If you're scrambling eggs, above point #3 doesn't apply very well since you're moving the eggs frequently. Instead make your life easier by keeping a decent non stick around just for delicate jobs like this (also some fish) or use a well-seasoned cast iron pan.
Like Reaction
7
Funny Reaction
0
Helpful Reaction
0
Nothelpful Reaction
0
Reply
Last edited by RichardR1490 January 13, 2021 at 10:46 AM.
This comment has been rated as unhelpful by Slickdeals users
Joined Apr 2009
L5: Journeyman
708 Posts
117 Reputation
#20
Quote from dealzslick :
Dude I've been frustrated for past 6 months since I bought that other set off here. You literally just made super happy and seem like a moron for not knowing that at the same time. Can't wait to try it out
If you're interested in really learning about cooking, the eGullet forums have tons of info, including written courses that teach you about basic cooking and baking, up through advanced techniques. Really good stuff there.
Like Reaction
4
Funny Reaction
0
Helpful Reaction
0
Nothelpful Reaction
0
Reply
This comment has been rated as unhelpful by Slickdeals users
Joined Jul 2009
L3: Novice
127 Posts
195 Reputation
#21
Anyone know if the pots have the rolled / flared lips, or is it straight walled up? All the pictures have the lid on so it's hard to see. One thing I learned after buying a prior slickdeal is that straight walled pots are terrible to pour out of =(
Like Reaction
1
Funny Reaction
0
Helpful Reaction
0
Nothelpful Reaction
0
Reply
This comment has been rated as unhelpful by Slickdeals users
Joined Feb 2013
L4: Apprentice
357 Posts
93 Reputation
#22
Quote from TTTTTTrent :
You can fry an egg in a tri-ply stainless steel pan, but it requires more care than doing so in a non-stick pan. Here's a link to a video from All-Clad that demonstrates the technique (these Viking pans are the same technology so the same rules apply):

https://youtu.be/jbALNwE5cCQ

Stainless steel pans like this are great all-around tools, but cooking eggs is kind of a corner case. Thankfully, one can buy a "good enough" non-stick frying pan for $10-$15 if you don't want to fuss with using the stainless pans for that specific task.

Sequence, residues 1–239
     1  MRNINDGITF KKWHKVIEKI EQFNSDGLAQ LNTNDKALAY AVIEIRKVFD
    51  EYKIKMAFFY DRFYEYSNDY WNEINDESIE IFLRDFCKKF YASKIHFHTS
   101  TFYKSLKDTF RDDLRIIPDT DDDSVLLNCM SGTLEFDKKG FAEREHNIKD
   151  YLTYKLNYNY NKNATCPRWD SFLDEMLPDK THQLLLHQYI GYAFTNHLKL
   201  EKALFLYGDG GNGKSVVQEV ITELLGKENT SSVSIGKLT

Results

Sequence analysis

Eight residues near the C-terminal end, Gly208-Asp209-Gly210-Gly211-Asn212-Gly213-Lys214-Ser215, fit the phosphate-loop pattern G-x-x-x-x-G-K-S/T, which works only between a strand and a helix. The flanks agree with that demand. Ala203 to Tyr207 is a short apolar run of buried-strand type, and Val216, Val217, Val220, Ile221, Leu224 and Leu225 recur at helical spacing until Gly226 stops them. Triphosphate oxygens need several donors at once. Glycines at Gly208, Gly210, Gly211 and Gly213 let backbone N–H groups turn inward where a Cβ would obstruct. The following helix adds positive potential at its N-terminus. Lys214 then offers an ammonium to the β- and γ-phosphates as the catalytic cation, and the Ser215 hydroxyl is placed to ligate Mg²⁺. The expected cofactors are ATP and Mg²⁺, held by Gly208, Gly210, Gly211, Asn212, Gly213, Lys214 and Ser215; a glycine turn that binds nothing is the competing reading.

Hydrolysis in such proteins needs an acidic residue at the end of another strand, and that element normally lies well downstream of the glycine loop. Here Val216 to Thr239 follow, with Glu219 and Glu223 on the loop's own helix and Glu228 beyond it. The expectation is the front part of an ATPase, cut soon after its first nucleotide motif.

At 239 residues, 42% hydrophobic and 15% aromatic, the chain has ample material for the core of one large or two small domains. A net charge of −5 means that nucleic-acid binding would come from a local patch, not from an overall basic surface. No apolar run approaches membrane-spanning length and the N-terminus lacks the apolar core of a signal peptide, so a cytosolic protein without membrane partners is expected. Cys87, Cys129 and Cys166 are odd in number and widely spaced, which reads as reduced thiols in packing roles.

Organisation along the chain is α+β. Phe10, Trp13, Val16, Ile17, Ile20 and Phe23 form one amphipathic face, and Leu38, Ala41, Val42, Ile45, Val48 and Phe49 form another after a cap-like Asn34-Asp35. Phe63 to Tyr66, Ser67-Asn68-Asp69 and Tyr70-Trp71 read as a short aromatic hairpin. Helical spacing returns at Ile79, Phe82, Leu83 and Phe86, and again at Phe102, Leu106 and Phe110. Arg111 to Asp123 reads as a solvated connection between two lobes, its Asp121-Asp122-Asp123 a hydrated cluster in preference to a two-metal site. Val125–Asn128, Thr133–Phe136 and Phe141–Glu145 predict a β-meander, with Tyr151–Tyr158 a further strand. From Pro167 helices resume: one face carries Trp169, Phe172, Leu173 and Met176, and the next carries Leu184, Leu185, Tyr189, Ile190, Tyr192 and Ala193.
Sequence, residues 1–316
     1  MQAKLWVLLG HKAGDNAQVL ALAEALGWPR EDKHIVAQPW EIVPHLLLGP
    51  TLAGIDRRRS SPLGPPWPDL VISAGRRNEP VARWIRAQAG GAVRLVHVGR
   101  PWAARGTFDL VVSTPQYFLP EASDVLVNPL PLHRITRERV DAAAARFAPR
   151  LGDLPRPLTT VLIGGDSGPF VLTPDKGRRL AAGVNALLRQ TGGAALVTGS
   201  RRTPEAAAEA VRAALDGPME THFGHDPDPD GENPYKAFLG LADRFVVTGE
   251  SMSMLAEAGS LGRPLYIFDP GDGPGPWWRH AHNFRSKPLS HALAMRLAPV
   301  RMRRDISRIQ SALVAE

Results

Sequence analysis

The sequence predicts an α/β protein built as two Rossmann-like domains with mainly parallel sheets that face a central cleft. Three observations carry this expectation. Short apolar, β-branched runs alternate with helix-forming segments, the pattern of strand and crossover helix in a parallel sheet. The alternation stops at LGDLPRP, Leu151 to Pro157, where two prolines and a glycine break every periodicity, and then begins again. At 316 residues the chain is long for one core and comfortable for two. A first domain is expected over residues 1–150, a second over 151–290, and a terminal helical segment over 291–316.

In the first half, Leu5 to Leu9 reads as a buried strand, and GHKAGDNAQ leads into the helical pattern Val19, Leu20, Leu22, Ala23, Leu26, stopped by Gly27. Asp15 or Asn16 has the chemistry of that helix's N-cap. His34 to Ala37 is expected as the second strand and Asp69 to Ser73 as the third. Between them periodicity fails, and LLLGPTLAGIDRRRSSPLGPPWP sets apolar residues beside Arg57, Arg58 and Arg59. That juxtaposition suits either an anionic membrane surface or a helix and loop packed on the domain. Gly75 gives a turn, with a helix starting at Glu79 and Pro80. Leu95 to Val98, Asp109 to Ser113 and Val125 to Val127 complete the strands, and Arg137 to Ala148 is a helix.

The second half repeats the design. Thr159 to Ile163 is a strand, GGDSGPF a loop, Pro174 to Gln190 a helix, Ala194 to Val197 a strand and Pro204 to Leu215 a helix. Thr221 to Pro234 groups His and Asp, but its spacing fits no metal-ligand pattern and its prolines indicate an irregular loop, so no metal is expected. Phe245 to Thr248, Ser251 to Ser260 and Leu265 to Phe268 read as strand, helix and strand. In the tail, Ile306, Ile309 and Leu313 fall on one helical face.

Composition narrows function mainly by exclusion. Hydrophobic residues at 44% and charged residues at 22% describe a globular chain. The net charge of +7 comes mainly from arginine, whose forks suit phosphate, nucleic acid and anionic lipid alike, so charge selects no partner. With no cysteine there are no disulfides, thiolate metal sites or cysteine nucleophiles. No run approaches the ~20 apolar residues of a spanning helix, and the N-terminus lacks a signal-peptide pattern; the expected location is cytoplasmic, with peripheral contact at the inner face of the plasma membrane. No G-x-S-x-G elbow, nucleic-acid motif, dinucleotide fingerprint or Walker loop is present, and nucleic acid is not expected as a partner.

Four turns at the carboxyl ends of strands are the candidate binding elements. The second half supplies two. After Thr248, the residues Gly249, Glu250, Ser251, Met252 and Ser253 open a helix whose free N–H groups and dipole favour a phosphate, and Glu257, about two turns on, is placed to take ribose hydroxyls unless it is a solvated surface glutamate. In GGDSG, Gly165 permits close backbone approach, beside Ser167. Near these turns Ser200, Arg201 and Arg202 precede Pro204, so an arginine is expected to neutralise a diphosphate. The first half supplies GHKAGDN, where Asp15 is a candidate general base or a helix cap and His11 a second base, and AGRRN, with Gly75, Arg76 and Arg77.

I've never has any fuss with stainless cookware (mine are Tramontina).

The secret is to preheat with medium heat, test for water beading, then give a thin coat of high temp oil (grape seed, extra virgin olive, or avocado). Even better if you add a bit of high heat butter (like ghee). This combo gives you a natural non-stick surface. Look it up.

If you get burned on food or dried stuck food, simply boil water with baking soda in it. Scrap off afterwards, then scrub off normally with pad and soap.
Like Reaction
2
Funny Reaction
0
Helpful Reaction
0
Nothelpful Reaction
0
Reply

Sign up for a Slickdeals account to remove this ad.

This comment has been rated as unhelpful by Slickdeals users
Joined Dec 2008
L5: Journeyman
982 Posts
215 Reputation
#23
Anyone have the upc so I can check pricing before heading over to Sam's club?
Like Reaction
0
Funny Reaction
0
Helpful Reaction
0
Nothelpful Reaction
0
Reply
This comment has been rated as unhelpful by Slickdeals users
Joined Aug 2013
L2: Beginner
53 Posts
18 Reputation
#24
Quote from lukeed :
anyone have the upc so i can check pricing before heading over to sam's club?
840595107506

I'm at a club right now, but rang up for $199
Like Reaction
1
Funny Reaction
0
Helpful Reaction
0
Nothelpful Reaction
0
Reply
This comment has been rated as unhelpful by Slickdeals users
Joined Oct 2007
L5: Journeyman
603 Posts
57 Reputation
#25
Spray oil works great. It's the timing. Heat the pan first for a while on medium, let the metal expand, then put the oil on. Non stick that way. Teflon and DuPont are the devil. Watch Dark Waters movie to learn more about creating it and how it will never go away.
Like Reaction
0
Funny Reaction
0
Helpful Reaction
0
Nothelpful Reaction
0
Reply
This comment has been rated as unhelpful by Slickdeals users